Fox Theater, the poster

14390-Fox poster 3.jpg

At one point about all that construction crews had found inside Pomona’s Fox Theater were dead pigeons. But when an internal wall was knocked out recently, this vintage movie poster was uncovered. It’s for “Christina,” a 1929 silent film starring Janet Gaynor.

The Fox, as all schoolchildren know, opened in 1931. Perhaps “Christina” played there in a revival later on, or the poster was used as theater decor at one point, as movie posters sometimes are. It was a Fox film, by the way.

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  • Charles Bentley

    GREETINGS:

    David, what a terrific job on your first attempt at including an “image” with your blog!

    I was curious to read that “Christina” was a silent film, yet on the poster it clearly states “All talking their parts on Fox Movietone.”

    However, when looking up the film, I see it listed on the IMDB page that “musical score and sound effects” were included on the Movietone system. But then why does the poster say otherwise?

    Anyway, here’s the New York Times review from April 1929.

    At the Gaiety Theatre, William Fox presented last Saturday evening “Christina,” a silent picture, except for the synchronized sound effects and music score. It is a well-acted but not an especially stirring story woven around a betrothal custom of Holland. The climax of the picture is apt to be anticipated and other events leading up to it are far from convincing.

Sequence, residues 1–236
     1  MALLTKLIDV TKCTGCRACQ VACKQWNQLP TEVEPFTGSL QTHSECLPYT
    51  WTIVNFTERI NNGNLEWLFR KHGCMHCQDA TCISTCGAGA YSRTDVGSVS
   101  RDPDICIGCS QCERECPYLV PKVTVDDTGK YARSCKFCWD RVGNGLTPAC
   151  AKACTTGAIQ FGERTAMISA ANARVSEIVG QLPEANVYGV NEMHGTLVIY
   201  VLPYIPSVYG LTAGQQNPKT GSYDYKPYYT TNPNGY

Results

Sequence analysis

Janet Gaynor, however, is charmingly whimsical as Christina, the heroine of this romance of a comely maiden and a young circus performer. Somehow or other one does not connect circuses with Holland and the siren of this tale appears to be extremely anxious to impress one with her calling, even when she is off duty. She is called Mme. Bosman and she is highly incensed when she learns that Jan, with whom she is smitten, has fallen in love with a girl of the village where the circus is holding forth.

    William K. Howard, who has several good films to his credit, has accepted somewhat trite situations to govern the incidents in Tristam Tupper’s story. Mme. Bosman wishes to teach Jan a lesson, so she has him arrested for embezzlement, and then she succeeds in carrying out the old idea of stopping all his letters to Christina.

    Christina is, however, persistent, and she goes with her father, who loses his sight during the story, to Amsterdam. It is here that several incredulous happenings take place, notably the shooting of Jan by Mme. Bosman, and then her pretense at loving him while he is unconscious, and finally the discovery, by the audience, that Jan is only slightly injured.

    Rudolph Schildkraut portrays Christina’s father. He might easily be old enough to be her grandfather. Mr. Schildkraut, as is his wont, gives an excellent performance as the old Hollander. He impresses one with his blindness, but it appears to have to come about with extraordinary suddenness.

    “Christina” is the sort of thing that wants to tug at the heartstrings, but its scenes are not developed with sufficient perspicacity. It hinges on the betrothal custom in Holland of the sweethearts watching a lighted candle. If the candle is blown out before it burns down it means trouble for the young people.

    Charles Morton gives a genuinely good performance as the circus horseman. Harry Cording, who did so well in “The Patriot,” is capital in a minor rle.

    CHRISTINA, with Janet Gaynor, Charles Morton, Rudolph Schildkraut, Harry Cording, Lucy Dorraine and others, based on a story by Tristam Tupper, directed by William K. Howard.

    [Wow! Thanks for the detective work, Charles. Interesting how much of the plot the reviewer gave away. -- DA]

  • http://sakionline.net Debra MacLaughlan-Dumes

    An LA Times review of the film (20 Dec 1929) says “The talking finish seems static in comparison with the silent portion.” Perhaps in deference to other talkies then being released, a spoken sequence was filmed and included at the end of the film. The poster is clearly exaggerating the film’s attributes.